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Philanthropy

Rebecca Machado Phillips

Rebecca Phillips’s life embodies the overlapping of the mundane and the exceptional: She not only was a mother, but also served as a pioneering leader in Jewish and secular American communal life.

Ellen Phillips

Ellen Phillips influenced generations of young Jewish girls and boys in nineteenth-century Philadelphia.

Mollie Parnis

Mollie Parnis’s wit and fashion savvy made her clothing designs a must among many first ladies during her tenure as fashion legend.

Estelle Newman

The Estelle R. Newman City Center, Jewish Guild for the Blind in New York City is named in recognition of the tireless efforts of Estelle Newman on behalf of services for the blind. In 1950, Newman was the principal founder of the women’s division of the Guild, and she remained an active member of its board until her death.

Elsie Margaret Binger Naumburg

Elsie M.B. Naumburg successfully combined a career in science and active participation in philanthropies, gaining the respect and affection of her many friends and colleagues.

Doña Gracia Nasi

Doña Gracia Nasi (c. 1510–1569) was among the most formidable figures of the Sephardi world in the sixteenth century. Her dramatic (indeed melodramatic) life began in Portugal, where she was born into a Jewish family whose members had recently been forcibly baptized. It ended in Constantinople after a career that brought her renown as a shrewd and resourceful businesswoman, a leader of the Sephardi [jwa_encyclopedia_glossary:308]diaspora[/jwa_encyclopedia_glossary], and a generous benefactor of Jewish enterprises.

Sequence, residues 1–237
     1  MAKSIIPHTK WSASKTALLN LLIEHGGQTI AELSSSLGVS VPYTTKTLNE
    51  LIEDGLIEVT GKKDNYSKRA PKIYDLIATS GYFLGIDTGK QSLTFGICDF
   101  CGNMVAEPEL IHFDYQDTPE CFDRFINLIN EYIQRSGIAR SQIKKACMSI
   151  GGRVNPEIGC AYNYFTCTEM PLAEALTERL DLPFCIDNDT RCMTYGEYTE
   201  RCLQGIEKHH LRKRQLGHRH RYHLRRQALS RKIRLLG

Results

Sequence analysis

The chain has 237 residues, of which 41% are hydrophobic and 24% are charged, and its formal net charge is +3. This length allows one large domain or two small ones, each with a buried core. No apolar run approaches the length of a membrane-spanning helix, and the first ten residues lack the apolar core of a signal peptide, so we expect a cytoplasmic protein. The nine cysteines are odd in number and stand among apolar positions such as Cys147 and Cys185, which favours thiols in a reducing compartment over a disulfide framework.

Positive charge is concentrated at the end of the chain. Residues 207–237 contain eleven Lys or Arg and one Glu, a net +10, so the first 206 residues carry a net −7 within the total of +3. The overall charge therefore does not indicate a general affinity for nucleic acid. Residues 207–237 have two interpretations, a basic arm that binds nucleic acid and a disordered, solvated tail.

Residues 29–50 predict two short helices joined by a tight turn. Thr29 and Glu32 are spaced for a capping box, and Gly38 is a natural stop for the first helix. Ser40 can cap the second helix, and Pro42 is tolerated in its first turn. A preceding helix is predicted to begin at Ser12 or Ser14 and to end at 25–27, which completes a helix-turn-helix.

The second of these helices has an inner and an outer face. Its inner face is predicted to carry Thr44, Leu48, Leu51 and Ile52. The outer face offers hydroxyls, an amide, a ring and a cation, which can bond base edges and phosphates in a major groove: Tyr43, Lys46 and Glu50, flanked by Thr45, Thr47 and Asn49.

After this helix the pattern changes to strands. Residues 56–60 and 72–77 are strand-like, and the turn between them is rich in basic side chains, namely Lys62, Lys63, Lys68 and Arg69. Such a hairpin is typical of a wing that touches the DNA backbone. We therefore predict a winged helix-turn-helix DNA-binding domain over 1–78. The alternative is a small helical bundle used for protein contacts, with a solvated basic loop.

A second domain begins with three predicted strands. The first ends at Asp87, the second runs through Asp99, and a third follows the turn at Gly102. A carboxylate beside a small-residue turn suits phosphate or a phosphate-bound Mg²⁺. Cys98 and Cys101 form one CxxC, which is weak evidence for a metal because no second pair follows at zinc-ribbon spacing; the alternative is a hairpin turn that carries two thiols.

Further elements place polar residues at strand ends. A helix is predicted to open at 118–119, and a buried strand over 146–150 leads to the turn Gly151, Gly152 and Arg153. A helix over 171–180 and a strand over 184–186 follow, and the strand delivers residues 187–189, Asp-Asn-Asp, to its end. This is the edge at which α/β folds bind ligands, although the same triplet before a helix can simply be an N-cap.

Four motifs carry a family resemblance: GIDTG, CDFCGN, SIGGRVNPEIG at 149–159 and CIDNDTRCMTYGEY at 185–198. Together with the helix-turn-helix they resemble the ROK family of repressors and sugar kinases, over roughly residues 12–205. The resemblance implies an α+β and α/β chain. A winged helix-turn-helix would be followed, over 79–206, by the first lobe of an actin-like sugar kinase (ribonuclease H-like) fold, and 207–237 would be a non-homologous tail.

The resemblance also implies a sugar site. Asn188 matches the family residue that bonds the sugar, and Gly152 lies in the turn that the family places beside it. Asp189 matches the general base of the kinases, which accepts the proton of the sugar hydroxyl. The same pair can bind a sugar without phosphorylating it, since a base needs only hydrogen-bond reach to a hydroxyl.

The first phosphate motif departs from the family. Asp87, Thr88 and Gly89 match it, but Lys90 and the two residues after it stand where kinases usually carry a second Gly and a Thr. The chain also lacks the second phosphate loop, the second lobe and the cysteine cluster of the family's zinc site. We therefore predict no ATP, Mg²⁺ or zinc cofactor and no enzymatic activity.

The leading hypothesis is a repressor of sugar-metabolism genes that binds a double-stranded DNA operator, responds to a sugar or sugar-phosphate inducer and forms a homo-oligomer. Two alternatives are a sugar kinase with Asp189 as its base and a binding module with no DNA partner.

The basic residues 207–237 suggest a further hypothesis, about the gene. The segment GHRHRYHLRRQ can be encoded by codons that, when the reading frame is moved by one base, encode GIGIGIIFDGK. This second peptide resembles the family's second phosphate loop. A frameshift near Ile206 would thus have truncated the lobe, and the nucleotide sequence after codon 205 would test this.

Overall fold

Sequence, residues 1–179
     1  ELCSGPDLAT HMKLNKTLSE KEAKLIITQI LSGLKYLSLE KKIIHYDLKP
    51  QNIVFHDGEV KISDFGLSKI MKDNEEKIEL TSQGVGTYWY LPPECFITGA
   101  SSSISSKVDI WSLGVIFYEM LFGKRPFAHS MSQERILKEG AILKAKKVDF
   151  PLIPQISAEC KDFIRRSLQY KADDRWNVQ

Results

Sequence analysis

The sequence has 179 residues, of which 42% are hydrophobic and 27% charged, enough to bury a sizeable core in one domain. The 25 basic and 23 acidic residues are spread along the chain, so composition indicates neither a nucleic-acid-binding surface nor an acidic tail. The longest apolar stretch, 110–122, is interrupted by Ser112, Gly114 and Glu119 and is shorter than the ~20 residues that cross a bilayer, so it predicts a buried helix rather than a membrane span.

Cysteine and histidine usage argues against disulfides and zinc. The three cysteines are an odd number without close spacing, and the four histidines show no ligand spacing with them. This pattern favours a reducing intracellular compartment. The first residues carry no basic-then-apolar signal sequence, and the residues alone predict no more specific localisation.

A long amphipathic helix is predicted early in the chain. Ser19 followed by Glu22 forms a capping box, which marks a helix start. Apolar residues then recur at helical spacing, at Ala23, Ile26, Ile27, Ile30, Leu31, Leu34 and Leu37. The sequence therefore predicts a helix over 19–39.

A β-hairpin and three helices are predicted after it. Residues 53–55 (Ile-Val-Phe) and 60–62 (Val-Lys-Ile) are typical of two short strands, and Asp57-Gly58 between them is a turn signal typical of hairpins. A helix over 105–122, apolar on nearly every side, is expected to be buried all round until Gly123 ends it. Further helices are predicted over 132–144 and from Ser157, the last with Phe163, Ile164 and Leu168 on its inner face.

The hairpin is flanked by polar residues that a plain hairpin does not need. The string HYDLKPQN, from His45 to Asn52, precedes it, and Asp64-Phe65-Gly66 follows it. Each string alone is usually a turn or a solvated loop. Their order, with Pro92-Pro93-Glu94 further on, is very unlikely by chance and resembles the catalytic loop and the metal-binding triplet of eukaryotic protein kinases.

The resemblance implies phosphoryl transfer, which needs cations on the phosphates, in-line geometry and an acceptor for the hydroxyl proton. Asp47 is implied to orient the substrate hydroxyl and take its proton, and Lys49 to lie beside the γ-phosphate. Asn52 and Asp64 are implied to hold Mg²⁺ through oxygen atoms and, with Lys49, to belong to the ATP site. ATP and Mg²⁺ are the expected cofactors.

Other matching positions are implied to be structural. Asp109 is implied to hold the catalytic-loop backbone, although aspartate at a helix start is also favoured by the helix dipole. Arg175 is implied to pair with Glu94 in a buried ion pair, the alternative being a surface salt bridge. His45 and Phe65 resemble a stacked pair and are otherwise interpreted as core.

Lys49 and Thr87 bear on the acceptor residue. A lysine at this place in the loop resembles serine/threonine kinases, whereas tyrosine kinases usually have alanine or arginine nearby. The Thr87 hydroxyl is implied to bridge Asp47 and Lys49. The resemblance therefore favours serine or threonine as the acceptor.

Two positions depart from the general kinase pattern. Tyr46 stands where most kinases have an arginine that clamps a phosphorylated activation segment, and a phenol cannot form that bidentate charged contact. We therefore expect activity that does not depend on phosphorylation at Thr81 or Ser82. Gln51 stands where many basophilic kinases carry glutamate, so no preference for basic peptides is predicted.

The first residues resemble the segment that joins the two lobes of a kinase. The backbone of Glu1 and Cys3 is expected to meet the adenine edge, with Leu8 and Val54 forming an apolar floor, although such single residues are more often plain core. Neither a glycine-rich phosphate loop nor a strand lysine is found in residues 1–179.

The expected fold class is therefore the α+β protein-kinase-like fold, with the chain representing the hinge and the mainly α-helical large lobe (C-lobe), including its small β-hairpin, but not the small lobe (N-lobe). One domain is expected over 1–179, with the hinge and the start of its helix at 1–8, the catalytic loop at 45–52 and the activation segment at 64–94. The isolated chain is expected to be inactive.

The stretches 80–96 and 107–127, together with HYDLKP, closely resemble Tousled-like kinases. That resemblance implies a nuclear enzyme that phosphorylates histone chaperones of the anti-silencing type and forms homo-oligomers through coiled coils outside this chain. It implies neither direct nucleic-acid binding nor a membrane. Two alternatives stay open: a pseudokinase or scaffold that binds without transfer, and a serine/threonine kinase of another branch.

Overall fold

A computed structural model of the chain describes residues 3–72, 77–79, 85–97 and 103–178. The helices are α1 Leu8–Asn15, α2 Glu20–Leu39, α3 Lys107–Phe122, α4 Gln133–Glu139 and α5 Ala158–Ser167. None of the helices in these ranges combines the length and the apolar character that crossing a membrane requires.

Linda Rosenberg Miller

Linda Rosenberg Miller was a patron of the arts and Jewish scholarship. She became a serious collector, purchasing works by Cézanne, Derain, and Matisse.

Helen Menken

One of the finest actors of her day, as well as a producer and a philanthropist, Helen Menken devoted her entire life to the American theater.

Etta Wedell Mastbaum

Etta Wedell Mastbaum was the scion of a prominent nineteenth- and twentieth-century Philadelphia family. A philanthropist, department store executive, art collector, and director of a national chain of motion picture theaters, Mastbaum donated a collection of Rodin sculptures and ephemera to the city of Philadelphia.

Minnie Dessau Louis

Minnie Dessau Louis was one of the most active and important Jewish communal workers on the American scene from the 1880s through the early 1900s. Born in Philadelphia on June 21, 1841, the second daughter of Fannie (Zachariah) and Abraham Dessau, Minnie moved to Georgia with her family when she was four months old. She returned north to attend Brooklyn’s Packer Collegiate Institute in 1857 and 1858, and in 1866 married businessman Adolph H. Louis.

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How to cite this page

Jewish Women's Archive. "Philanthropy." (Viewed on April 18, 2015) <http://jwa.org/topics/philanthropy>.

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